About Food Allergies in Israel

I love peanut butter. I love Skippy peanut butter so much, I should be their brand ambassador. During my “single 20’s,” I used to imagine myself as this almost June Cleaveresque Mom who would feed my children peanut butter and grape jelly sandwiches – crust cut out and sandwiches shaped like dinosaurs or daisies – with glasses of milk. I thought about candy bags for birthday parties filled with snack bags of peanut M&M’s and Hershey’s milk chocolates, like my Mom used to make for us when I was a child. As an Ashkenazi Jew, my fondest childhood memories are tied to food. Jewish holidays meant tables groaning with delicious fare: stuffed cabbage, chulent, jelly donuts, chocolate coins, matza brie, chicken soup with matza balls, potato kugel, sweet raisin challah, etc.

But that imagine of the Mom I was going to be was extremely American. Yet, right before my 30’s birthday, I moved to Israel where I met the love of my life and decided to settle down. My Israeli husband wasn’t used to the American comfort foods of my childhood so I started discovering new and exciting cuisine inspired by the people who had come to Israel before me. Hummus became a daily staple, and I stopped making kugels and roasted chicken and started making spicy moroccan carrots and pomegranate molasses lamb shoulder.

And, as a foodie, I was really looking forward to introducing my children to an array of interesting, exotic and nutritious food. We joined a local CSA and started getting weekly boxes of organic vegetables, and after working with an American kosher cheese company, I fell in love with the rich and decadent cheeses that you can find here in Israel. I adjusted my Mom fantasy and, instead of the PB&J, imagined breakfasts of goat and feta cheese omelets, with olives, pita, tahini and hummus spreads.

So, when my eldest daughter was born allergic to all dairy, it was a big shock. Aside from seasonal hay fever, my husband and are not allergic to any food. For the first 24 months of her life, our home was strictly pareve, which means there was no dairy to be found. My husband had to drink milk in the office with his coffee. We met with our allergist, Dr. Bar-Sela, and with a repeat prick test at 24 months, rejoiced in the fact that she had outgrown her dairy allergy. That night, we ate pizza for the first time in 2 years.

Three years later, and we’re pretty sure she is still allergic or at least sensitive to dairy.

I thought a child with a dairy allergy was rough, and then our second child was born. She screamed for the entire first year of her life and, as a nursing Mom, I took myself off of gluten, dairy, cruciferous vegetables, and anything else that I thought could make her uncomfortable. At 6 months, we went to Dr. Bar-Sela for the prick test. My heart sunk when it came back positive for peanuts, oats, egg white, and sesame. Because of FPIES, she also couldn’t eat rice, which we discovered when she vomited violently after feeding her rice crackers and rice cereal.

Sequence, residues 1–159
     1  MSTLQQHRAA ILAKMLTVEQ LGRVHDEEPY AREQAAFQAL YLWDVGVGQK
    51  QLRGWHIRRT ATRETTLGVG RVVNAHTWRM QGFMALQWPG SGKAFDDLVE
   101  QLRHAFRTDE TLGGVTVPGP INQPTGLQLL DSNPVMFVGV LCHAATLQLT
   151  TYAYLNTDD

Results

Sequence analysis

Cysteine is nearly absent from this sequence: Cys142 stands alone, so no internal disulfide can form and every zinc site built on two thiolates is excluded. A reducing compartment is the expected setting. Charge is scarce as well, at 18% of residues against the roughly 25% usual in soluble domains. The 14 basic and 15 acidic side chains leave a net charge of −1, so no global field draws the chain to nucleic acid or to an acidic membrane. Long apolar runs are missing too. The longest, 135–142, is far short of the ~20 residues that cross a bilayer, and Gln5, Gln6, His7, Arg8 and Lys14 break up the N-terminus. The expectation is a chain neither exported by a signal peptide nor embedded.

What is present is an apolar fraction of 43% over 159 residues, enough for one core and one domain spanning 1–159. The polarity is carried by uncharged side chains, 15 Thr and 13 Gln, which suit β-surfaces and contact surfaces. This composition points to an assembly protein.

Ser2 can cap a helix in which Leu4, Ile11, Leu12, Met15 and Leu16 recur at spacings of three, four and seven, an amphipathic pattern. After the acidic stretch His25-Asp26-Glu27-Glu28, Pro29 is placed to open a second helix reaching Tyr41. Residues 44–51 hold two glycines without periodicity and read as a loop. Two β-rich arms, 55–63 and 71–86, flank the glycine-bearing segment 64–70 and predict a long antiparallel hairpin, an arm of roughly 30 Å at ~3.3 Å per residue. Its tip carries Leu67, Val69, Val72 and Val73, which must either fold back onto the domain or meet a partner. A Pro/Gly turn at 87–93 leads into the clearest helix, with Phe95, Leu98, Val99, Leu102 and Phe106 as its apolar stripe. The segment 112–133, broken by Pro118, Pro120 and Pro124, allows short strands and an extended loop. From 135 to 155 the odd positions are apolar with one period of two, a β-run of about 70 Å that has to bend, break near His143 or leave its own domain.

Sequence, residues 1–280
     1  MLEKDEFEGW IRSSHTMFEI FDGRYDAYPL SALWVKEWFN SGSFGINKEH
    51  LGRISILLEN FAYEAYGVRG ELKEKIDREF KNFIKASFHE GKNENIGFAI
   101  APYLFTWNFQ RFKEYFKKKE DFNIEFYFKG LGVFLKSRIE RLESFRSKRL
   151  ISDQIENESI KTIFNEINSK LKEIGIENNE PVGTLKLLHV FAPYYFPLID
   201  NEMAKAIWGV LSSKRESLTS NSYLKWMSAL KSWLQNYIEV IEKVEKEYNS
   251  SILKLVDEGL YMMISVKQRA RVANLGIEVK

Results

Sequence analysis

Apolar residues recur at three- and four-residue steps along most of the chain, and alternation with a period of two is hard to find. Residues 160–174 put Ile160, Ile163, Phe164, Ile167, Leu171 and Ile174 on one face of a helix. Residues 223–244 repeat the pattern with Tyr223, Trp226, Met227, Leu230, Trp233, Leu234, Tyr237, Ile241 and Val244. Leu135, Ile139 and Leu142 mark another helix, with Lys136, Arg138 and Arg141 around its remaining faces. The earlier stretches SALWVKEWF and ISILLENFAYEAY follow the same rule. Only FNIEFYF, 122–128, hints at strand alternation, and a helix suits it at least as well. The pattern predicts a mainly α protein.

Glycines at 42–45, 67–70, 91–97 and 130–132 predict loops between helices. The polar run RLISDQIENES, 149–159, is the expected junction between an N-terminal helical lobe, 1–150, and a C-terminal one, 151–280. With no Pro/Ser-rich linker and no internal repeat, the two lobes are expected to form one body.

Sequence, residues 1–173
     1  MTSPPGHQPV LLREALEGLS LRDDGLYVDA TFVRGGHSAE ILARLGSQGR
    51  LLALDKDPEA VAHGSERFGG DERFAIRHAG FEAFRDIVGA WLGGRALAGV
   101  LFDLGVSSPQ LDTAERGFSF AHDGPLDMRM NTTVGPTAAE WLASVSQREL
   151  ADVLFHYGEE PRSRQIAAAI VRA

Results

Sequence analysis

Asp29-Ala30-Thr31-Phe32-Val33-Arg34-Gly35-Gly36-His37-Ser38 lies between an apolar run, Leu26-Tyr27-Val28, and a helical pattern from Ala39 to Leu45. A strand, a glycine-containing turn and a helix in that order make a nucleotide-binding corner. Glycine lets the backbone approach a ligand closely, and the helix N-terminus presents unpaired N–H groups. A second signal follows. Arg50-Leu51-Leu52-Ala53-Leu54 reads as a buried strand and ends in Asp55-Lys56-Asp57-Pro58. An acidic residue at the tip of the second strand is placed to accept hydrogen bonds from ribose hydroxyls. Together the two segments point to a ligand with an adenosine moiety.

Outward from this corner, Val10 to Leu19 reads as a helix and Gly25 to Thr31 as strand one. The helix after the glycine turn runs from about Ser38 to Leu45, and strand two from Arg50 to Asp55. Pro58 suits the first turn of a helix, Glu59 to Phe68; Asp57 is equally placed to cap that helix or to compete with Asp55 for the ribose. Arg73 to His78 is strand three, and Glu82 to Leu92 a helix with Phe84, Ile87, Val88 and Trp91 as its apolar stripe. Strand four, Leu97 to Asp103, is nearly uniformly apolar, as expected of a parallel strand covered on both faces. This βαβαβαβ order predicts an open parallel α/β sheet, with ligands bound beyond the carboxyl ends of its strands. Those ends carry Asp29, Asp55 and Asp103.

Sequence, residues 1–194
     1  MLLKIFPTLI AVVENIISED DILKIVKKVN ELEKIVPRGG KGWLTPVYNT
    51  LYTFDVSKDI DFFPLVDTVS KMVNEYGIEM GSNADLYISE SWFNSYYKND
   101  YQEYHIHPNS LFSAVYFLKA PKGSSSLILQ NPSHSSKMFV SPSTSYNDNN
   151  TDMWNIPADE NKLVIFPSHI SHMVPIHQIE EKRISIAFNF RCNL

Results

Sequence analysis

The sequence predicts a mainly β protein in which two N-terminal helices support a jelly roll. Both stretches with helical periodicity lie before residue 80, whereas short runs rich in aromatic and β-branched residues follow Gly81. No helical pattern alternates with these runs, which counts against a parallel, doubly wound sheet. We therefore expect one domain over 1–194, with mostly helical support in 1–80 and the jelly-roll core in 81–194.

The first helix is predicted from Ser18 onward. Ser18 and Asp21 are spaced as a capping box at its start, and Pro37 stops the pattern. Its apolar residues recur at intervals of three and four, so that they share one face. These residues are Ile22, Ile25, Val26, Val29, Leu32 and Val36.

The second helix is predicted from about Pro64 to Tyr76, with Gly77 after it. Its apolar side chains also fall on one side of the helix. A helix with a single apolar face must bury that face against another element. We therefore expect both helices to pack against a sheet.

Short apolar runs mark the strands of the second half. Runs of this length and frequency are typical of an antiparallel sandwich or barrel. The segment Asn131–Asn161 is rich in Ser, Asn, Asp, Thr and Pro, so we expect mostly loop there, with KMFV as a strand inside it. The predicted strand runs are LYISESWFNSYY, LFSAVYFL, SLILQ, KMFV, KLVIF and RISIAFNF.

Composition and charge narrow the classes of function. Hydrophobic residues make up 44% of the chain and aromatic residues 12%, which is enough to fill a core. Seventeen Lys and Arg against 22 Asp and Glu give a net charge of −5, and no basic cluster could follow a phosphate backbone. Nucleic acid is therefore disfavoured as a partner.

I cried in the car ride home, convinced that there was no way I could safely feed this child in Israel.  Sesame and peanuts is almost a staple of “Israeli” cuisine! That meant no bamba, the Country’s favorite snack, no tahini, no hummus, no bourekas, no halva, etc. We started carefully reading all food labels, we bought bottles and bottles of Benadryl in the States, we ordered special Food Allergy warning stickers and labeled her clothing, sippy cup, knapsack, and anything else that went to Gan (day care) with her. We spoke to her gannenet and the administration at her school and I created a giant poster that hung in the kitchen, explaining what happened when she ate certain food and which foods to avoid.  During the year, we also discovered she was allergic to penicillin and sulfites, which was manageable but another thing to put on the list.

At 24 months, we repeated the prick test and once again, we rejoiced that it came back clean. Our allergist proclaimed that we could feed her everything and anything. So that night, I went out and bought the first bag of bamba that I could find. And I will never forget how happy she was to finally be able to eat what the other children at gan were eating.

But then, last month, she had an anaphylactic reaction to an actual peanut, and now we are right back where we started. Only this time, in addition to the Benadryl and Fenistil, we now have Predinsone and an EpiPen in our home. She is going to take a RAST test soon and hopefully, it will shed some light as to what she is now allergic to. In the meantime, my eldest daughter developed an allergy to walnuts, and our 8 month old is exhibiting signs of being allergic to dairy.

So, I decided to start this blog as a way to keep track of what I’m learning as we go down the rabbit hole of food allergies. There is a lot that I have to learn, and  I’m hoping to use this platform to share what I’ve discovered: whether it’s a food allergy friendly brand or a food allergy friendly restaurant.

Join me on this journey to feed my children – and anyone with a food allergy – safely in Israel.





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